This large early 19th century Italian micromosaic panel goes under the hammer at Elstob & Elstob’s Antiques sale in Ripon on April 5.
Measuring 9 x 12in (23 by 30cm), the finely detailed panel depicts the familiar Grand Tour scene of the Temple of Vesta. It comes from a private collection in Southport and carries a guide of £5000-7000.
The jewellery sale at Wilson55 in Nantwich on March 16 includes this early 20th century 18ct gold, diamond and emerald peacock feather brooch.
The 4in (9.5cm) brooch, that can also be worn as a pendant, has French assay marks and a principal diamond of around 1.6ct.
The Design Since 1860 sale at Roseberys London on March 22 includes this boxed Cymric christening set designed by Archibald Knox (1864-1933) for Liberty & Co.
With hallmarks for 1912 (the spoon and fork) and 1913 (the napkin ring), the suite is expected to bring £400-600.
The sale at Huntly Auctions in Aberdeenshire on April 9 includes this Glasgow School brass wall sconce worked with a peacock in the manner of Margaret Gilmour (1863-1942). Measuring 2ft 5in (72cm) high, it is estimated at £400-600.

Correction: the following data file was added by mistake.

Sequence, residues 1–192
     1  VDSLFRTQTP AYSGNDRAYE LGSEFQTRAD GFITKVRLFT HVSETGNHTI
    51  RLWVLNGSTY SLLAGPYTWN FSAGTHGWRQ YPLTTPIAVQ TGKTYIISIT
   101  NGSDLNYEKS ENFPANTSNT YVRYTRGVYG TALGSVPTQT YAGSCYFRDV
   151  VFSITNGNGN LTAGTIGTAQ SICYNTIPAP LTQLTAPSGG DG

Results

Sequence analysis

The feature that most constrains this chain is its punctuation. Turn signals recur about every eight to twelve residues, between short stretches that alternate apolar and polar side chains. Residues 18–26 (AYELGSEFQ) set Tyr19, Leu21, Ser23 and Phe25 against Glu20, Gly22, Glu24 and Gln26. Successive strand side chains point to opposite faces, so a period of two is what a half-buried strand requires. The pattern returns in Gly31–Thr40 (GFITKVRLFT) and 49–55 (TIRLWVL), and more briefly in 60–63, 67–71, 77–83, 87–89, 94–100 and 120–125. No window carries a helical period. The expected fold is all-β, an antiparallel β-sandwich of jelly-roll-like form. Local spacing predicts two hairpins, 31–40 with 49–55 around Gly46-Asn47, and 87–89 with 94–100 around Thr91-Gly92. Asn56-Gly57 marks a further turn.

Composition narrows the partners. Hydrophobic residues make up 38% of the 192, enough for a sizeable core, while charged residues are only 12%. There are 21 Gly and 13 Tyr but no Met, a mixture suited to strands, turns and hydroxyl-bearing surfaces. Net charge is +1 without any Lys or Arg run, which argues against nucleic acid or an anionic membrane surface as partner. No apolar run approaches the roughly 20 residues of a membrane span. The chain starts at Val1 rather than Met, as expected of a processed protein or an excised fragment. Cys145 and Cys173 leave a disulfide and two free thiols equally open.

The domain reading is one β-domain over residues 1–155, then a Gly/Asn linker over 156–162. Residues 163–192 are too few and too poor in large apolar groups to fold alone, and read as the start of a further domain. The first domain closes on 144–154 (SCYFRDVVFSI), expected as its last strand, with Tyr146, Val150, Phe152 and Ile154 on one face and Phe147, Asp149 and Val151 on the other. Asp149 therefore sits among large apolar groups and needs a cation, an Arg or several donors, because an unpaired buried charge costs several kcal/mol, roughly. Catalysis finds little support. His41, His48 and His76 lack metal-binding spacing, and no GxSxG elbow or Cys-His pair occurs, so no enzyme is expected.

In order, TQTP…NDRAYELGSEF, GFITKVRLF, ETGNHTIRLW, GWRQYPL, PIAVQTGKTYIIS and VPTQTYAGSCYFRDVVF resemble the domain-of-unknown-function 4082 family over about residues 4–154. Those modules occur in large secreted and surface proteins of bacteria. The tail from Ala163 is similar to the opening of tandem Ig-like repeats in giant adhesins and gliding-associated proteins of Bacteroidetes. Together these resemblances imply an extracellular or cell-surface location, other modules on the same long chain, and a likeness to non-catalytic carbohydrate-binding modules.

Attributed to Helen Adelaide Lamb (1893- 1981), this Glasgow School needlework panel, c.1910, is estimated at £600-800 in the Aldridges of Bath Fine Art & Antiques auction on March 28.
It depicts a maiden in a flower garden, a fruit tree with doves either side, all within floral borders, worked in coloured silks on a pale green ground, and measures 14in x 3ft 7in (35.5cm x 1.09m) without the frame.
The auction house says that a similar piece of needlework by Lamb is held in the V&A, “which is almost identical to the central design depicted in the piece we have”. It is thought this design by Lamb was published in Vol 41 of The Studio – An Illustrated Magazine of Fine and Applied Art published in 1910.
Items given by studio potter Lucie Rie (1902-95) to her cleaning lady come for sale at the Design and Modern Contemporary sale at Chiswick Auctions on March 29. Two bowls and a mould for making buttons were all presents to the vendor’s mother who worked at Rie’s home and studio at 18 Albion Mews, Paddington, for many years.